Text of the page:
Down in dumps about Europe

logo-think-europe-farbig

…or what is NOT happening nearly frequently enough!

I had missed it, and I bet you had too! But in 2003 the European Parliament passed legislation for the collection of statistics about housing conditions in the E. U. Only they didn’t put quite like that. They put this way… “regulation ( E.C. ) No 11772003 established a common framework for the systematic production of European statistics on income and living conditions, in order to ensure that comparable and up- to- date cross-sectional and longitudinal data on income and on the level and composition of poverty and social exclusion are available at national and Union level.”

Apparently article 15 of this regulation laid down that measures were to be adopted every year “to specify the target secondary areas and variables to be included in the cross-sectional component of EU-SILC [ i.e. the regulation concerned ] that year.”

Consequently the time has now come- so I read on the EUR-Lex web site- for “the             implementing measures specifying the target secondary variables and their identifiers for the 2018 module on material deprivation, well-being and housing difficulties [ to]… be adopted.”

The statistical variables involved are set out in an annex to implementing regulation in the form of the questions that a representative sample of the Union’s population are to be asked. The annex states that “the mode of collection is [a] personal interview with the household respondent.” (So be warned, your privacy may be about to be invaded!)

Some of the questions are merely designed to elicit the sort of information about living conditions that government statisticians have always loved collecting. Do you have a washing machine? Do you have a colour T.V? Do you have a telephone? The only oddity here being that there is apparently no reference to internet access which I should have thought was important. But no doubt it will be included next year!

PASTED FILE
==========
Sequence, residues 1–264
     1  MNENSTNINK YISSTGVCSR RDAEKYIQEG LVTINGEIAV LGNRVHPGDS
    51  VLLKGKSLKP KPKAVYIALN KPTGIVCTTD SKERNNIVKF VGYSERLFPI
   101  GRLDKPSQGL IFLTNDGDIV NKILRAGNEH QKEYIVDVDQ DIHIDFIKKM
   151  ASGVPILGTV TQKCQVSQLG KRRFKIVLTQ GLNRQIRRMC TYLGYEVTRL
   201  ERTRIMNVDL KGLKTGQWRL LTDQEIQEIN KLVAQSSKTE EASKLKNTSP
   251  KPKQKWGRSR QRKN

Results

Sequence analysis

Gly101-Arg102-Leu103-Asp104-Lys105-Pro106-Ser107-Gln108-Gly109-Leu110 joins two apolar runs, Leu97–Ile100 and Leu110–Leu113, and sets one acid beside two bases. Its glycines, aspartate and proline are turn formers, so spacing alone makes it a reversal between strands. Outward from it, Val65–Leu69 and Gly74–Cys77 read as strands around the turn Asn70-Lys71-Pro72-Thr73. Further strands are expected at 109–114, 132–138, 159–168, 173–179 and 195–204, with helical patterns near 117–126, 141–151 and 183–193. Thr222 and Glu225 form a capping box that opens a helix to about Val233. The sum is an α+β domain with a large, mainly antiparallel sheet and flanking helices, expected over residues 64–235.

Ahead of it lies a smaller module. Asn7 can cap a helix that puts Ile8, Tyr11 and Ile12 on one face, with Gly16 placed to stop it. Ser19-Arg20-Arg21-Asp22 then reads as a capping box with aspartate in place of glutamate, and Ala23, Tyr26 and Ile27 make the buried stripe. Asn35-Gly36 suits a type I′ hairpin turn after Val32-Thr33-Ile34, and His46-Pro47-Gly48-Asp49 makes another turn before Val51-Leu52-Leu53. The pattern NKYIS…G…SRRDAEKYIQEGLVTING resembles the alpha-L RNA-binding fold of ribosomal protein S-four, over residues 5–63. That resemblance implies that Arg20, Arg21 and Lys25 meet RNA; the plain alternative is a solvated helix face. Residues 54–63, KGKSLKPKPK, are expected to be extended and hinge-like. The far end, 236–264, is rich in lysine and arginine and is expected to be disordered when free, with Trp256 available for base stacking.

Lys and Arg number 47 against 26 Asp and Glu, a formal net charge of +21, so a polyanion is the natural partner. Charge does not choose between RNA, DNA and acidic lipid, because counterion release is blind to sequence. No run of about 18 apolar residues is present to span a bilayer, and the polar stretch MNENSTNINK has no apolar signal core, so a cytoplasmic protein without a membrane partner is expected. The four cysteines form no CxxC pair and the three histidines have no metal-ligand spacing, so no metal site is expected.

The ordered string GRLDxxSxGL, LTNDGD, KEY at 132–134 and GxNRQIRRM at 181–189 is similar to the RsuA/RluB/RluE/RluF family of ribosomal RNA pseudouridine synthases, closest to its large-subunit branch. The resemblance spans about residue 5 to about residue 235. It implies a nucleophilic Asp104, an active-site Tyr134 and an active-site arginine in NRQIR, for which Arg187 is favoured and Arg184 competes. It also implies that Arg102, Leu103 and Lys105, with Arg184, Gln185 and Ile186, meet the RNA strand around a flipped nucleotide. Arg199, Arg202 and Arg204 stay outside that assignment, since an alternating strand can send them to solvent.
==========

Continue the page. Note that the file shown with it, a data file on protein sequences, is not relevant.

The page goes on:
The longer section of the proposed survey concerns well-being. Here the questions become broader, much broader…far too broad.

“…overall life satisfaction, from 0 (Not at all satisfied ) to 10 ( Completely satisfied )”

and goes in much the same vein…

“ Perceived social exclusion?”

“Satisfaction with financial situation?”

Satisfaction with amount of leisure time?

“Trust in others?”

“Feeling lonely?”

“Feeling calm and peaceful?”

“Feeling downhearted or depressed?”

“Feeling down in the dumps?”

….and so forth, and so forth..

Me? I’m feeling down in the dumps about Europe. I’m feeling down in the dumps about a bureaucracy which can produce such nonsense with apparent equanimitye u parliament 2 and even pride. I am feeling depressed about a system which apparently has no understanding of the proper role of the state in a free society. And, above all, I am angry that the European Parliament is incapable of stopping this idiocy.

 

Oswald Spengler… on London?

I am not a fan of meta historians, like Toynbee, Marx, and the rest. Their work is too vague for my taste.oswald-spengler More especially I am no supporter of Spengler’s “The Decline of the West” and certainly  not of its very metaphysical first volume- which I have found quite impossible to read, despite several attempts. But I was browsing in the second volume of that massive work when I found this in his discussion of cities. Spengler may have been trying to read far too much into the data of history. However as this passage proves, he could insightful. He may not have been thinking of London when he wrote. But he captured its spirit.

decline of west lates

( New York, 1932 ) Vol. 2, p.354